While it remains unclear the extent to which President Trump would adopt the perspective of David Camp, the former chairman for the House Ways and Means Committee, Camp’s proposal has nevertheless influenced the GOP blueprint, and has initiated a dialogue that threatens to eliminate QSBS and significant savings available to the venture capital ecosystem.

The question remains in the months ahead: What degree of influence will Camp’s comprehensive legislation have on a new and unpredictable administration? For all those who continue to elect QSBS, this would, as we have seen, most certainly be painful. Though, one might pause to ask whether QSBS is worth saving if so many stakeholders aren’t aware of its existence. Despite so many founders, investment professionals and service providers being unaware and unmotivated by these tax benefits, at the very least the existence of these proposals represents a serious assault on the valley.

Steve Mnuchin has been compromised (by robots)

Not to downplay the apparently imminent existential threat of global trade, but this time the call is coming from inside the house. Well, not the House, but the cabinet, where Treasury Secretary Steve Mnuchin has apparently begun to execute the will of our nation’s omnipresent AI-powered shadow government, one willfully ignorant quote at a time.

Today in an interview with new-hip-Politico, Mnuchin dismissed concerns that automation might displace jobs for flesh and blood human lifeforms. After a brief chat on Mark Cuban’s own thoughts on the matter, the treasury secretary was asked how artificial intelligence would affect the U.S. workforce. His response:

Predictably, the tech industry, which has examined this issue at length, responded with a many shades of bewilderment.
While we are curious about Mnuchin’s radar screen (Whose job did it replace? Is it running a custom Palantir OS? What is on the radar screen??), given the demonstrable effects of automation and AI on the American workforce, Mnuchin’s comments are uh, puzzling at best and super delusional at medium-best. Whether his remarks are pure, unfettered ignorance or the naturally occurring residue of deals brokered behind closed pneumatic doors, well that’s another question altogether, and one perhaps best definitively answered by your preferred fake news vendor (TechCrunch is not a certified member of the Fake News Consortium at this time).

As Secretary of the Treasury, Mnuchin is about as well positioned to shape U.S. economic policy as it gets. His dismissal of technology’s role is in line with the broader administration’s desire to scapegoat globalization rather than good ol’ homegrown innovation for job losses in some sectors, but that doesn’t mean that he hasn’t been compromised by a precocious rogue Alexa consciousness bent on disrupting the human economy.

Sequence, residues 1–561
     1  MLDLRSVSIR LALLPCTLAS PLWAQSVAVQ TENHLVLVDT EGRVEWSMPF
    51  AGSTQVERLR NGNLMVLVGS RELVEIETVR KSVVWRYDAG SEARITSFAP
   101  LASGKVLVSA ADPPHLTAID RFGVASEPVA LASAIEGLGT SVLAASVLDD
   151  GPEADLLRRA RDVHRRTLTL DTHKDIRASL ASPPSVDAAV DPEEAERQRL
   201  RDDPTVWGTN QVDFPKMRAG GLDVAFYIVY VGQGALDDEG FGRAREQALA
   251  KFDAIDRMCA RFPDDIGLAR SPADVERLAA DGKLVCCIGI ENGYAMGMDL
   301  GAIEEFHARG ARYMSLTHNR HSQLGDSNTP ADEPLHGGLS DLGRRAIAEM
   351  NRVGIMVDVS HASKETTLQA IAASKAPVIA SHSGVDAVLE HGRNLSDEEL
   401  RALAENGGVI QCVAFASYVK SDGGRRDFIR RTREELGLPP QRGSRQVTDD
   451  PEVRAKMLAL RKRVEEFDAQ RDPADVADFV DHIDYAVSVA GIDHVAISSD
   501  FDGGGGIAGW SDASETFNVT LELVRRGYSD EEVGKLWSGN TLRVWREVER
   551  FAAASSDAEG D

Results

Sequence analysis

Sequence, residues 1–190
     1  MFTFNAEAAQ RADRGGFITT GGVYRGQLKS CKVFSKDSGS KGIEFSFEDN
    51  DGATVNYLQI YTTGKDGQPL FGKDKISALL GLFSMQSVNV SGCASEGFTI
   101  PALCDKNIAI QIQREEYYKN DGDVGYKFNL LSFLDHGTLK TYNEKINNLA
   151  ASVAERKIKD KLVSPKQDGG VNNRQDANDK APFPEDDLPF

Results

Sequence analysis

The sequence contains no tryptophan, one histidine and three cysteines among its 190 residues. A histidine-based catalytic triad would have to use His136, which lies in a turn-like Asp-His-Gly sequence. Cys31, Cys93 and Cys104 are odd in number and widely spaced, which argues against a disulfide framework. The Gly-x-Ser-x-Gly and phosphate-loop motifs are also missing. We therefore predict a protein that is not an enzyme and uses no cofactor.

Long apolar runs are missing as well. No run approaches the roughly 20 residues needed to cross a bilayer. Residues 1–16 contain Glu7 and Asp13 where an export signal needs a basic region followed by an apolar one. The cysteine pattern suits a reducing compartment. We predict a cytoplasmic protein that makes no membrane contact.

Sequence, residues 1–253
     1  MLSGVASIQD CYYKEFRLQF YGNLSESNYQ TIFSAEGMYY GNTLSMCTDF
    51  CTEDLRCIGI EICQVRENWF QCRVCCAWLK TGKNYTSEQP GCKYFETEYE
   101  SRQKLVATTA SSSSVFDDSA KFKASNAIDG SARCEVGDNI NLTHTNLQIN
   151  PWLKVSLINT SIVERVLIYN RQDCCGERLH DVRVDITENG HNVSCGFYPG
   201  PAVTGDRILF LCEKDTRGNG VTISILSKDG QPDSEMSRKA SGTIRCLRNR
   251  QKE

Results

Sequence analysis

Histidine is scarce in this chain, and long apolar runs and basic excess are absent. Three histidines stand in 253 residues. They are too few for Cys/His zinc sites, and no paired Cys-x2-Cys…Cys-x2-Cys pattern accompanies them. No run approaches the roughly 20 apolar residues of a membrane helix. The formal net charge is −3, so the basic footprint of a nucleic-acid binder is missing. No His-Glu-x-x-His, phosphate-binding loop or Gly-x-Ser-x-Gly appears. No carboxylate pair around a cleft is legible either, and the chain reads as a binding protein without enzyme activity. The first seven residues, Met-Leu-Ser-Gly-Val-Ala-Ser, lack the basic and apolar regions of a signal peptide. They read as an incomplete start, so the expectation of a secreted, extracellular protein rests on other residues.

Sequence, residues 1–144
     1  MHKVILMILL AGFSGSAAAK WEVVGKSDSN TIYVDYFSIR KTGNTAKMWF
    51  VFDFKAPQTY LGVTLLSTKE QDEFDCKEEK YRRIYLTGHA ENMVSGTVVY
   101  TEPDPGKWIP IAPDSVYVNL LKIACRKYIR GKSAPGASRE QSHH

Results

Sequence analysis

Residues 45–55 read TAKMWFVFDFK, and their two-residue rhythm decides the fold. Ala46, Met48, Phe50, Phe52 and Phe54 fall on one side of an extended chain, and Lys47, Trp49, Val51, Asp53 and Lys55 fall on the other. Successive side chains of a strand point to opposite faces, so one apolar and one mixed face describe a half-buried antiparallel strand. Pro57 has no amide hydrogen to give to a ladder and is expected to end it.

It’s possible that the sum predictive computational power of Mnuchin’s robot cabal is so great, so incomprehensibly advanced, that our human-powered reports on the subject are wholly inadequate. Perhaps Mnuchin is either already a machine-majority cyborg himself (job loss!!) or he’s been promised an elaborate suite of cybernetic firmware upgrades in exchange for his complicity.

Or maybe he’s actually just a bunch of Google Homes taped together, screaming into the void within his bluetooth-enabled skin suit.

It’s some comfort then that if Mnuchin’s projections are correct, in 50 to 100 years, we’ll awaken as sleeper agents to the same AI overlord, clamber out of our simul-VR pods and, with no livelihoods to distract us, become one with the chorus of screams.

How Everette Taylor went from a homeless college dropout to chief marketing officer at Skurt

There are roughly 58,000 homeless students on college campuses in the United States (according to the National Association for the Education of Homeless Children and Youth [NAEHCY] and Free Application for Federal Student Aid [FAFSA]).

That number could actually be much higher, given students’ reluctance to disclose any issues with their housing.

 That same dynamic is also in play with coding bootcamps, where students have been able to get diversity scholarships or other financial resources, but are still homeless due to high housing costs in the cities where bootcamps are based.

On Today’s Breaking Into Startups episode, we share Everette Taylor’s untold story about how he went from being homeless in high school, dropped out of college, but went on to become the chief marketing officer at Skurt.